August 1, 2017
Big luxury beauty brands risk losing power, influence and desirability in mature Western markets.
Despite a solid reputation, proven expertise – sometimes for more than a century, such as Elizabeth Arden, Shiseido and Guerlain – and huge advertising expenses, they are facing multiple issues that weaken their brand power at the heart of their «signified» (“the meaning” opposed to “signifier,” the graphics).
Originally, the brand power/desirability draws most of its legitimacy from a kind of 3D “signified”:
A transactional guarantee of a high-quality level and unique style
A relational promise that provides customers with a sense of belonging to an elite or a special community
And last, but not least, since we actually talk about luxury brands’ essence, a strong emotional benefit that goes from outstanding sensorial or human experience to unexpected social, cultural or artistic input.
And it seems that this power/signified is more distrusted and devalued in the past years. Here are reasons why:
Brands are not transparent enough
“Beautystas” from all over the world are ever more sensitive to ingredients’ origins and products’ manufacturing conditions such as respect for human rights, sustainability credentials and cleanliness of the production process.
Beyond the brand reputation, beauty products consumers search for the INCI list –which is not always available in the online store – and assess the ingredients’ quality as well as the Made In information, when available, and pay attention to the local legislation and control.
Brands are lying
Animal welfare nonprofit PETA U.S. research concluded that at least the following nine companies/brands – Benefit, Bliss, Estée Lauder, Clinique, Dior, Caudalie, Gucci fragrances, Clarins and Revlon – may be breaking United Kingdom and European Union regulations by selling cosmetics in the U.K. that rely on safety data taken from animal tests carried out in China (Cosmetics Business News, Lucy Tandon Copp, Mar 30, 2017).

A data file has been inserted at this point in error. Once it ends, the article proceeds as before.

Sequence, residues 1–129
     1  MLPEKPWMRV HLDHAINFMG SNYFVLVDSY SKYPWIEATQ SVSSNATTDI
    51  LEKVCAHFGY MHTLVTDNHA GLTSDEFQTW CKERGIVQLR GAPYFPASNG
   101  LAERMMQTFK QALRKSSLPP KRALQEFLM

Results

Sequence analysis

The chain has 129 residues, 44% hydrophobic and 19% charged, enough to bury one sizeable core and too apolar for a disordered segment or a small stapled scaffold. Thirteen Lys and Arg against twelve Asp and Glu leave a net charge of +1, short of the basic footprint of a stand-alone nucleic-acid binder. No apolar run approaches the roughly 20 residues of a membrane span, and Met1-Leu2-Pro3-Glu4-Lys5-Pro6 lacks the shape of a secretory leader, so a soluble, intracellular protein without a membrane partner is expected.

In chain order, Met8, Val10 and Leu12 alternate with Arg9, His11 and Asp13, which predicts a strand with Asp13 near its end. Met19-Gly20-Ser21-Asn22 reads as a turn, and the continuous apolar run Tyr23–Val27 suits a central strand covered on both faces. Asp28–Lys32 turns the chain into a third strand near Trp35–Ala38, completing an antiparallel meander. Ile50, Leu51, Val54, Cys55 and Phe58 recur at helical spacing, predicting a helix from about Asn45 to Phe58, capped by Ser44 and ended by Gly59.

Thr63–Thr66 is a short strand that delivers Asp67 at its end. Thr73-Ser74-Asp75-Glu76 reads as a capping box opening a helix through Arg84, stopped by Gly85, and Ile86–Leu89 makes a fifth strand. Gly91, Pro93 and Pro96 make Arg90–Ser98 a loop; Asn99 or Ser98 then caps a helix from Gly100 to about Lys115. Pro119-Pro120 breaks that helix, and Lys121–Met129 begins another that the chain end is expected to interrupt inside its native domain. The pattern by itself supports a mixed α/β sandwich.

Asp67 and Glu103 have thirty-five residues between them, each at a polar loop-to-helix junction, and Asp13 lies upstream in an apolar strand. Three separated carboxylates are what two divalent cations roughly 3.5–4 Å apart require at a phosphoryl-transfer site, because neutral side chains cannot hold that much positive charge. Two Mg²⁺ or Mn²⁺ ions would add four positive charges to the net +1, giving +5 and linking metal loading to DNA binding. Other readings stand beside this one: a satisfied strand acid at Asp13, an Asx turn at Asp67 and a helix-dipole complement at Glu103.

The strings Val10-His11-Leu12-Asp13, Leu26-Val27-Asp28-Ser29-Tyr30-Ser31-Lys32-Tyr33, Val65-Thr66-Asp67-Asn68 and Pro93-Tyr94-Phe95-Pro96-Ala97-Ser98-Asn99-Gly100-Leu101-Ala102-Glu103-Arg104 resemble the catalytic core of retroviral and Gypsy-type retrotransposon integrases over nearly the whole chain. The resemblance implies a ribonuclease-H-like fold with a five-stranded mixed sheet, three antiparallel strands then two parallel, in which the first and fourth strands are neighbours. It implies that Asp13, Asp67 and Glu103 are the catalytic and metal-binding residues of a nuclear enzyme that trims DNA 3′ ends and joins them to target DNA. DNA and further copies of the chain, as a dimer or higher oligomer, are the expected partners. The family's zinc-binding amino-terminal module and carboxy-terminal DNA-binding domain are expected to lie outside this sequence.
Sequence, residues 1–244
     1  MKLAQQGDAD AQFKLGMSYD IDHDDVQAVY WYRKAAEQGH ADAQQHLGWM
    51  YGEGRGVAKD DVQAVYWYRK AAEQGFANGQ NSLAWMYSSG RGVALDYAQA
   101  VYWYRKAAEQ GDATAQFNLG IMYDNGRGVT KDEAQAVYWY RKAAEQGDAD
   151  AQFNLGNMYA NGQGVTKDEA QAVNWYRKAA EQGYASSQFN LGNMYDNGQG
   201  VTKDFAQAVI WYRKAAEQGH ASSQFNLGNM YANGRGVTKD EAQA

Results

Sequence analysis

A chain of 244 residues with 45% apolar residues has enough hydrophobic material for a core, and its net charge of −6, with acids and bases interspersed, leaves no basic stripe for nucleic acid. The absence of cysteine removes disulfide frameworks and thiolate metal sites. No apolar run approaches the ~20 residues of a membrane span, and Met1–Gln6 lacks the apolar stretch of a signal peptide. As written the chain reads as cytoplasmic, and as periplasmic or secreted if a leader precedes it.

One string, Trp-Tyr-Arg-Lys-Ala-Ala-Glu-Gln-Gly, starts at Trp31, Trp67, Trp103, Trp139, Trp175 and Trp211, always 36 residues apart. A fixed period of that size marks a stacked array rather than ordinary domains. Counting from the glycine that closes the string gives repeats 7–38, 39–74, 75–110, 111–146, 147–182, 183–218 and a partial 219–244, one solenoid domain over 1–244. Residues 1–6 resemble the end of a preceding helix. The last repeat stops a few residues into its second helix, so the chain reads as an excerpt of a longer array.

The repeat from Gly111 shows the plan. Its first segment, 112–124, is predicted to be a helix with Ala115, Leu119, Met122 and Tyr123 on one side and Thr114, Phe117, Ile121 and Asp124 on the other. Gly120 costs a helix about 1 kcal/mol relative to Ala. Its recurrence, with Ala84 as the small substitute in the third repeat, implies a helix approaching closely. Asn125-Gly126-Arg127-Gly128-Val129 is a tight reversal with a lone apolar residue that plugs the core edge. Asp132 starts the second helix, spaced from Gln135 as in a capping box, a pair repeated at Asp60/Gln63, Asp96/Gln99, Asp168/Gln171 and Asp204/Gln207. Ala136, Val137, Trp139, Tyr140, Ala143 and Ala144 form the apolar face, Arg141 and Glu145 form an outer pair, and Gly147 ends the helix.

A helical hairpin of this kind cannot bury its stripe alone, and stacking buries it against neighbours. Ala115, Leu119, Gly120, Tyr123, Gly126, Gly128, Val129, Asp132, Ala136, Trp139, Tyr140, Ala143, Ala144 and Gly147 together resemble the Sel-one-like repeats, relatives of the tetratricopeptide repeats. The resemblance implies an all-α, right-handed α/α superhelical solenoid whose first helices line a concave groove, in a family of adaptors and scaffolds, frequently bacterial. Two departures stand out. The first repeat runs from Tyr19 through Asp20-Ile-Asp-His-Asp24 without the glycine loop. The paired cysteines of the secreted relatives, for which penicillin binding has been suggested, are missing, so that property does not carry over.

UFC Que Choisir French watchdog recently alleged that perfumes by Guerlain, Hugo Boss and Kenzo, make-up by Dior, and Chanel and Nuxe's prodigious oil contain banned substances.
The Soil Association suspects Boots, Rituals or Korres of greenwashing policy (Cosmetics Business News, Lucy Tandon Copp, April 25, 2017).
Big brands are not the only choice
More women are turning or switching to do-it-yourself products to control the merchandise’s quality and make sure it is truly personalized and adapted to their needs. Examples are Loli in the United States and Aroma Zone in France.
Numerous “indie” brands quickly caught up with the eco-trend and sustainability issues and supply the market with clean yet desirable formulas and packagings, including U.S. brands Rahua, Tata Harper and Realher, Sweden’s Estelle&Thild and France’s Patyka.
How can luxury beauty brands reconnect with strong brand power, restore confidence and appeal to the demanding younger demographics?
Some luxury marketers chose to buy the “indie” ones to enrich their portfolio and meet the new expectations. Others fall back on labels or certifications to reassure customers.
But because luxury is a matter of being and well-being – not only a matter of having – and because they should be in advance, serving as examples while delivering more aspirational emotional benefit, there is another way to strengthen the “signified” of luxury: a kind of gold-and-green commitment, with, for instance, following kind of actions:
• To manufacture with no waste: less packaging, less water, less chemicals, natural dyes
• To recycle materials: organic packagings (see edible wrappers), re-usable bottles, refills
• To respect human rights and employees’ protection
• To use natural, organic or vegan, yet highly effective, ingredients
• To ban any possibly hazardous ingredient
• To favor local resources and integration
THE GOOD NEWS is that brands are listening. Guerlain, as well as Dior’s Hydra Life line, which is free of unnecessary ingredients and sold in eco-design packaging, can be inspiring leaders in this area.
Bénédicte Layotte is a Paris-based marketing and brand consultant who combines market research with creativity. Reach her at email@example.com.